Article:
Olympics Update Women's downhill

Lalive fails to finish; Street 16th

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— Picabo Street, her star-spangled ponytail flapping as she sped down the Wildflower course, failed to crack the top 10 in her Olympic finale Tuesday.

Street, trying to become the first American woman to win three Olympic skiing medals, had the best time at the top of the mountain but lost speed in the middle of the course as she fought to control her skis.

The winner was a shocker. Carole Montillet of France, who has never won a World Cup downhill, had a nearly mistake-free run to win in 1 minute, 39.56 seconds.

Isolde Kostner of Italy was second in 1:40.01, and Renate Goetschl of Austria won bronze in 1:40.39 in a race postponed from Monday because of high winds. The start of the race also was delayed more than two hours Tuesday by gusting winds.

Steamboat's Caroline Lalive failed to finish the race. Jonna Mendes was the top American, finishing 11th in 1:40.97. Kirsten Clark was 12th in 1:41.03.

Montillet's victory was salve for a French squad that has been in mourning since the October death of team leader Regine Cavagnoud, killed in a training accident.

Montillet, 28, went to San Diego for a few days before the Olympics, leaving the World Cup circuit, telling friends she needed to get away from the repeated questions about Cavagnoud.

It was remarkable that Street, 30, was even racing.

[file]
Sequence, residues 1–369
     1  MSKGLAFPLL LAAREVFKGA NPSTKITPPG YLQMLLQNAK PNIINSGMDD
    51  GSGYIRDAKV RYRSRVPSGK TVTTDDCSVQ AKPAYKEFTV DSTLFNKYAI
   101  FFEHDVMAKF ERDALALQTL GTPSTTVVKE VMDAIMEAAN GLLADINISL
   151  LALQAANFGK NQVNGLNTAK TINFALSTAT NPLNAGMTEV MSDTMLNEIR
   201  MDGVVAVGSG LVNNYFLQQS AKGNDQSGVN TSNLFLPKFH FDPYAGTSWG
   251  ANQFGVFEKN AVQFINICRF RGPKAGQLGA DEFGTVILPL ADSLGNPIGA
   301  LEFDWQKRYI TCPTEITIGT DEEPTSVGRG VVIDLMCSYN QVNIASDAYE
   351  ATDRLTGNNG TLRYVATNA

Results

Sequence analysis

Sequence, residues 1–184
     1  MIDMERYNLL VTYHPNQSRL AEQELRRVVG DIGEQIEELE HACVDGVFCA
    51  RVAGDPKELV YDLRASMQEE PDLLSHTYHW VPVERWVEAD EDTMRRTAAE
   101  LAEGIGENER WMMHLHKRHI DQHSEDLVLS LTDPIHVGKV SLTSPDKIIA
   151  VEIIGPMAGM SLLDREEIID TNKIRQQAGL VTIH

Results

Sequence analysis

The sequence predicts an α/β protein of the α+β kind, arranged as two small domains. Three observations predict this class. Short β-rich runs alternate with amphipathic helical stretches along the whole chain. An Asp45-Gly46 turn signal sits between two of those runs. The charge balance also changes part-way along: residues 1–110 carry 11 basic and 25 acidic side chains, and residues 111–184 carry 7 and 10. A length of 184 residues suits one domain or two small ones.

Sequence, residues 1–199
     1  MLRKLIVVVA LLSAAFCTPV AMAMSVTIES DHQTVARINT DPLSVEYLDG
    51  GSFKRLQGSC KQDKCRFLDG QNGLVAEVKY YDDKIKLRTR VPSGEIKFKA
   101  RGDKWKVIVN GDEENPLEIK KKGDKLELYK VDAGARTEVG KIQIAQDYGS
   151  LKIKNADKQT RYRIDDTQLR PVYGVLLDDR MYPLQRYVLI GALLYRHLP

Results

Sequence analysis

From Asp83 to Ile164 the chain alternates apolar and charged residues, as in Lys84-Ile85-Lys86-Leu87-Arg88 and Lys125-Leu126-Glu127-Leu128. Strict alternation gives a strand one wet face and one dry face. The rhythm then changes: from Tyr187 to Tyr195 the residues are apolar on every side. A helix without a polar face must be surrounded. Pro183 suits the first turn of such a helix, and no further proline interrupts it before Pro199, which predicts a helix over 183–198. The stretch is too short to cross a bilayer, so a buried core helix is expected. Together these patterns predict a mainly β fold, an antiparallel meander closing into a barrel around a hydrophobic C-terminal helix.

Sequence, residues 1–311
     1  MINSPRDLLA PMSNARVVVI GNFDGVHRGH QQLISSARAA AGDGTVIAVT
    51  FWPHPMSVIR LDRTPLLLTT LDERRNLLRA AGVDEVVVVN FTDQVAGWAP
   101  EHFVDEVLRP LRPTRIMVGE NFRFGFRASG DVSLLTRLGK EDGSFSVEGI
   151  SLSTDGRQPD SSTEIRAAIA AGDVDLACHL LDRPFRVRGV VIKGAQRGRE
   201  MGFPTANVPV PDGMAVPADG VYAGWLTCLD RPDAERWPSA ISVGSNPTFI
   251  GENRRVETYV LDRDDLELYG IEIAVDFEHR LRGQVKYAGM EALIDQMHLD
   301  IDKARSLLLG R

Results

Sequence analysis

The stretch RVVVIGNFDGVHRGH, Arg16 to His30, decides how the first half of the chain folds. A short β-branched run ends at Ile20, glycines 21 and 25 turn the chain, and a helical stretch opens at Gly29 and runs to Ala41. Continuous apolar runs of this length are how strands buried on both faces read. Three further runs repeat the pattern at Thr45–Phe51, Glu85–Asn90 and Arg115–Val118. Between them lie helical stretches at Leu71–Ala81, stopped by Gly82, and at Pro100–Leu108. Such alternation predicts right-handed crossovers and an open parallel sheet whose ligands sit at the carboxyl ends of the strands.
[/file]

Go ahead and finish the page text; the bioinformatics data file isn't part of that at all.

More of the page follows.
A month after her victory in the super giant slalom at the 1998 Nagano Games, she broke her left leg and mangled her right knee in a crash and was off skis for 21 months.

She got off to a good start Tuesday, posting the best results at the first two timing spots and quickly getting into the tight tuck position that allows her to glide so quickly down hills.

But she flew a bit high at the first of the course's jumps and then struggled to maintain her balance as she left a trial of snow in her wake. She also was too high off the second jump, losing crucial time.

After she crossed the finish line, she stared at the scoreboard in disbelief and then lowered her head. But then she waved both hands to the wildly cheering crowd and blew fans kisses through her helmet.

Street was trying to become the first U.S. skier to win medals in three Olympics. She won the silver in the downhill at Lillehammer in 1994 and a gold in the Super G in 1998.

The prospect of an Olympic farewell on home snow motivated her through her comeback, a process she was all too familiar with after blowing out a knee twice before.

Street will not defend her Super G title other Americans have far better results in that event this winter. The downhill was her Olympic farewell, and maybe the end of her skiing career.

She is retiring after this season, but may compete at the national championships in Squaw Valley, Calif., in March.

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